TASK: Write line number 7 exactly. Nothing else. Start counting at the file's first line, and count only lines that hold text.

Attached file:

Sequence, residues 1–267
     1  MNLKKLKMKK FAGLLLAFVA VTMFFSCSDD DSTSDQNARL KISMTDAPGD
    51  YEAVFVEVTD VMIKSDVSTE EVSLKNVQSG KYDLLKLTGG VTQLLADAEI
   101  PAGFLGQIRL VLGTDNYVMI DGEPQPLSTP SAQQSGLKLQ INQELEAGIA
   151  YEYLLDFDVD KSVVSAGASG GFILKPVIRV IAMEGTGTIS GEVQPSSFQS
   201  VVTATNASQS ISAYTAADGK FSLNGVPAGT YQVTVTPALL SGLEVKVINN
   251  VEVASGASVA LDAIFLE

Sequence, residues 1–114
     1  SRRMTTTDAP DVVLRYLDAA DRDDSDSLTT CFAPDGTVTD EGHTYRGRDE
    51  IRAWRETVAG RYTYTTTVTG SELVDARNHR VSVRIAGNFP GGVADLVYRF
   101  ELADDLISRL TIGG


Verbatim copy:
   251  VEVASGASVA LDAIFLE